In addition to not having a plan, I am not fond of free time either, because I put pressure on myself to fill it productively. I seem to be momentarily forgetting all the lessons I have learned these past few months about trust, in myself and in my resourcefulness. I try to remind myself that a struggle is good for the soul (“good trouble,” as John Lewis said), because it brings about growth and change. Feeling uneasy is not pleasant but it is not terrible either.

As I think about how to fill my time, I am discovering that it is the emptiness that makes me uncomfortable. I can fill it productively and creatively by reading or sewing, and feel fulfilled, but it’s a fleeting feeling, as there is still something missing that brings about the question once again, “Who am I?” The answer became a bit clearer recently after a mediation session, when I was more open and receptive. The emptiness cannot be filled with activity, no matter how interesting or productive. The emptiness is about the need to be a part of something greater. It is about fulfillment through a connection beyond our existence here on earth. It’s about being with God, with Spirit, with Universal forces where an eternal source of unconditional love exists, just waiting for us to make that discovery.

Growing up, I didn’t really identify with my religion because, to me, it was merely a set of rules to follow, and so I did not have much of a meaningful connection. I did enjoy holiday meals and celebrations for the socializing part (the delicious dinners were always amazing), but I had to endure hours of heavy traffic and prayers that I couldn’t relate to. That was what religion meant to me until I started to find a need to look for deeper meaning in life. My search led me on different spiritual paths, including Buddhism and meditation, and it continues in earnest to this day. What I am finding on my path, in my relationships with both friends and family as well as with patients I’ve worked with over the years as a social worker, is the need for love: Loving ourselves is first and foremost, then it can be shared with other people. I am also recognizing that fear inhibits our ability to love, and it inhibits our overall sense of fulfillment in life. It seems as though so many of us function with this cloud of fear that we are hardly aware of. It manifests as resistance and judgment and prevents us from being all we can be.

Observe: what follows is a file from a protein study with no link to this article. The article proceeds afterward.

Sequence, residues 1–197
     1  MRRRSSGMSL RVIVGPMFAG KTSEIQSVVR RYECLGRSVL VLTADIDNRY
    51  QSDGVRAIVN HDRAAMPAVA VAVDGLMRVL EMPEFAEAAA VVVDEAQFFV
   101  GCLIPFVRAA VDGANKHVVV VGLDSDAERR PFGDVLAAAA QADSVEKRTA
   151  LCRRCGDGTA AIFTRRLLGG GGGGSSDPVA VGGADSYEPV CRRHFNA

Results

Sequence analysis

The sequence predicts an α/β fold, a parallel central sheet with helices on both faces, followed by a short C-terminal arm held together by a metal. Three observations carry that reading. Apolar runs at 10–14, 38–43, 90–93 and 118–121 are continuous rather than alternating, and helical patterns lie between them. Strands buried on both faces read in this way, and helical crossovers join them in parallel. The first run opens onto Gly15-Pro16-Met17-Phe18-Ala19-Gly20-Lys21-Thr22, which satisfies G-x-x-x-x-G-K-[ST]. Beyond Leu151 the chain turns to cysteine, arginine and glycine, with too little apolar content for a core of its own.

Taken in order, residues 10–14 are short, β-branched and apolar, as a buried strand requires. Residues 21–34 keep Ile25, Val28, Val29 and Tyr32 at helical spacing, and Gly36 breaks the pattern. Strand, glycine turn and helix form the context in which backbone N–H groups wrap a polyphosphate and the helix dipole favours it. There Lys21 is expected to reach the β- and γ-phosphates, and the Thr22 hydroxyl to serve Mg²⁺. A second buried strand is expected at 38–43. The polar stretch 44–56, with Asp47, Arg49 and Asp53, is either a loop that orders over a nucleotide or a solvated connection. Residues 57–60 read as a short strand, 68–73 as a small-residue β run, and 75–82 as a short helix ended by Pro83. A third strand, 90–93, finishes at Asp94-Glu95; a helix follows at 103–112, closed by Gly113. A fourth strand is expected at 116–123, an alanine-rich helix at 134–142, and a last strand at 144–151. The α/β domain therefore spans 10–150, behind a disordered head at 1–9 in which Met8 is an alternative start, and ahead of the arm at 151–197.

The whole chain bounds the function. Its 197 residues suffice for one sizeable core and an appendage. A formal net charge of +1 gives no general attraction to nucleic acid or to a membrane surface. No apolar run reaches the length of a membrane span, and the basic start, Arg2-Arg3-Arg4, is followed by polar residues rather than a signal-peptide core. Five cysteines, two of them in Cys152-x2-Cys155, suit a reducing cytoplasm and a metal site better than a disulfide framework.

I see myself as a spiritual seeker. In the course of my metaphysical path, the poem below was given to me by an English professor in college, and it continues to be a source of understanding. Each time I look at it, a different line calls out to me. I have always kept a copy in my journals, in my desk at work, and in my handbag. It’s now on my cell phone.

Our Deepest Fear

by Marianne Williamson

 

Our deepest fear is not that we are inadequate.

Our deepest fear is that we are powerful beyond measure.

It is our light, not our darkness that most frightens us

We ask ourselves,